The 1980s had seen the prominent return of European art (especially from Germany) and the lively resurgence of Los Angeles art to a contemporary scene long narrowly centered in New York. The new variety got people looking elsewhere, and the first place they began to look was around the Pacific -- to Japan first, probably because of its wealth and historic associations with Modern art, but soon enough to Southeast Asia, Australia and the geographically appropriate Latin American countries.
California was touted as America's gateway to the Pacific Rim -- although it was never quite clear just what being a gateway actually meant, especially given an emerging digital world of commonplace jet travel. Ultimately, it didn't matter. Staking a claim on a region just seemed like jockeying for advantage, while communications technology and the export of Western popular culture internationally dissolved older borders. Contemporary art quickly evolved into today's global conversation.
All of this is by way of explaining that, when I think of the Gallery at REDCAT, I think of it first as a venue for artists of the Pacific Rim. Of 26 exhibitions, only eight have featured artists principally based outside Pacific Rim areas. (That includes the multichannel video installation “9 Scripts From a Nation at War” that just opened, which was made by a five-artist team based in New York and Berlin as well as L.A.) Los Angeles, Seoul, Mexico City, Monterrey, Tokyo, San Francisco, Bangkok, Ho Chi Minh City, Beijing -- the emphasis has been both clear and welcome.
The gallery has presented just two historical exhibitions in the last five years, and both of them have also fit that bill.
REDCAT opened in November 2003 with a lovely survey of 50 paintings by Emerson Woelffer (1914-2003). The guest curator was artist Ed Ruscha, who had been Woelffer's student in the late 1950s at CalArts' predecessor, Chouinard Art Institute. The inaugural show was a posthumous homage from one generation to another, and it reflected the way contemporary art evolves most profoundly as a conversation among artists.
The second look backward was "An Image Bank for Everyday Revolutionary Life" in 2006, selections from a vast photographic archive compiled between the 1930s and the 1970s by Mexican muralist David Alfaro Siqueiros (1896-1974). Long before German painter Gerhard Richter began to compile a not dissimilar "Atlas" composed of mass-media and other pictures that interested him, both independently and as source material for his own paintings, Siqueiros gathered his image bank as a means of inspiration for himself and other artists.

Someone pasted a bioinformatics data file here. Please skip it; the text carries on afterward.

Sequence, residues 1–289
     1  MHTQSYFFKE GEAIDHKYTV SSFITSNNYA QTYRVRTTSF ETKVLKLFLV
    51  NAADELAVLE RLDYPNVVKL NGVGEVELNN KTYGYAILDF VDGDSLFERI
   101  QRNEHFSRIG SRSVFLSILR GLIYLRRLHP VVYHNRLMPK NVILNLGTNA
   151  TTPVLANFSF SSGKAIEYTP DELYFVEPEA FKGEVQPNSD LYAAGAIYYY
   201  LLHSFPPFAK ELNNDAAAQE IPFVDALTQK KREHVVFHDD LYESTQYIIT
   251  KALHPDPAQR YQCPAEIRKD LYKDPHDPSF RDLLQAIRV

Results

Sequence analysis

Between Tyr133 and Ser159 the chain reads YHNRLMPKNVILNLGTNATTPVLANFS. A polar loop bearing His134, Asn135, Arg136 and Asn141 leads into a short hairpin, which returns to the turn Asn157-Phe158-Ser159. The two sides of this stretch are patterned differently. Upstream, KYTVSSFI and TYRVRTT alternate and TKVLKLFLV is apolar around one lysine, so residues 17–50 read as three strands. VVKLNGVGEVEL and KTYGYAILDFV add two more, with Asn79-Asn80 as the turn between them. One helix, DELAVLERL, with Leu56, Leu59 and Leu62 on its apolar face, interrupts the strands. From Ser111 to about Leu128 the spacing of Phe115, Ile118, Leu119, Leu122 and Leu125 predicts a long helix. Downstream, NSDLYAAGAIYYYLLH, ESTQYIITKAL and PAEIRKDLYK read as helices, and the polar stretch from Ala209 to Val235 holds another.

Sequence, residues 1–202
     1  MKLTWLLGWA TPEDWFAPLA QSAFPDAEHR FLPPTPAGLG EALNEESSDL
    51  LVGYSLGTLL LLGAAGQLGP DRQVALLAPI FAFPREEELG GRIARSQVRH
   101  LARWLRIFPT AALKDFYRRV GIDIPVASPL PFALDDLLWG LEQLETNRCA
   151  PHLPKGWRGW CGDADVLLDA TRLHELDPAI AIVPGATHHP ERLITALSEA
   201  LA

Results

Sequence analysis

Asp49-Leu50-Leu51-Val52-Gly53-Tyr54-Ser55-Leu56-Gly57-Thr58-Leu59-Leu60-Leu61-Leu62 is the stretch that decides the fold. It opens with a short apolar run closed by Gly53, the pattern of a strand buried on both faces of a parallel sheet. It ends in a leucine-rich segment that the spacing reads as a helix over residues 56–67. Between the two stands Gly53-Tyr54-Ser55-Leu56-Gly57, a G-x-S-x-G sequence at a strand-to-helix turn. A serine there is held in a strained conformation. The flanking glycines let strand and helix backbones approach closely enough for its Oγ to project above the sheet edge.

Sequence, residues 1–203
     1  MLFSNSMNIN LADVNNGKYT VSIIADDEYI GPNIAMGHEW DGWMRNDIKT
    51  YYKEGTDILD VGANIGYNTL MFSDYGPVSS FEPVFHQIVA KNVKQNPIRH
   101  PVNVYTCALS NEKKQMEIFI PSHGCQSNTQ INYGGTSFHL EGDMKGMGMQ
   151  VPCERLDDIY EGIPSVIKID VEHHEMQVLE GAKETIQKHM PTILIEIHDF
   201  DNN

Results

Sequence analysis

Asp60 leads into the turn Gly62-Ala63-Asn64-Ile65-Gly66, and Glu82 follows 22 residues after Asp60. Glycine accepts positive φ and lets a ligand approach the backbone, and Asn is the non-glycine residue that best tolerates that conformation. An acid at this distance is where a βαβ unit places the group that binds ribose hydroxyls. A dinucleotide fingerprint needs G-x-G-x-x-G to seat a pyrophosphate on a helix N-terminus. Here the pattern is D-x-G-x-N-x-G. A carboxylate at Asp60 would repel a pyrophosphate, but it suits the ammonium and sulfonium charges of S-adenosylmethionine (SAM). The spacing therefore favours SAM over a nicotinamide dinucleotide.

These two shows remind us what REDCAT is -- a college gallery, open to the public but organized for the conversation among artists that any art school worth its salt is built around. The space is a straightforward, unembellished, 3,000-square-foot room -- virtually a lobby just outside a well-equipped black box theater. Partly as a result of its off-the-beaten-track location beneath Walt Disney Concert Hall, I expect most gallery visitors are students, artists and black-box theater patrons waiting for the show to begin. But if its public profile is low, no matter.
REDCAT hasn't billed itself as offering a Pacific Rim program, and artists based in New York, Berlin, Marseilles, Copenhagen and elsewhere have also been shown. There's a certain dissonance too between a dated 20th century term like Pacific Rim and a contemporary venue born in the 21s century. But I don't apply it to REDCAT in a negative sense, either, as indicating something musty or behind the times. Instead, whatever one might think of any individual exhibition, the program overall during the last five years has been a healthy reflection of the city's shifting demographics.
REDCAT reflects L.A. looking outward. Founding director and curator Eungie Joo, who left last year to become curator of public programs for New York's New Museum of Contemporary Art, and her REDCAT successor, Clara Kim, established a productive direction.
In light of that, it is certainly ironic that when I scan the list of gallery exhibitions over the last five years, something unexpected occurs: Both my least favorite and most favorite shows featured artists who didn't fit the larger Pacific Rim profile. Let's call them the exceptions that prove the rule.
By coincidence, these two also came back to back. Superflex, a three-artist Danish collective, practices a form of appropriation art that is socially useful and artistically bland -- to the point of inducing narcolepsy. Julie Mehretu, an Ethiopian-born painter raised in Michigan, makes explosive abstract paintings that, despite a lack of topical subject matter, were the first I saw that spoke without sentimentality or bathos of post-9/11 experience. Between these poles, REDCAT is doing its job.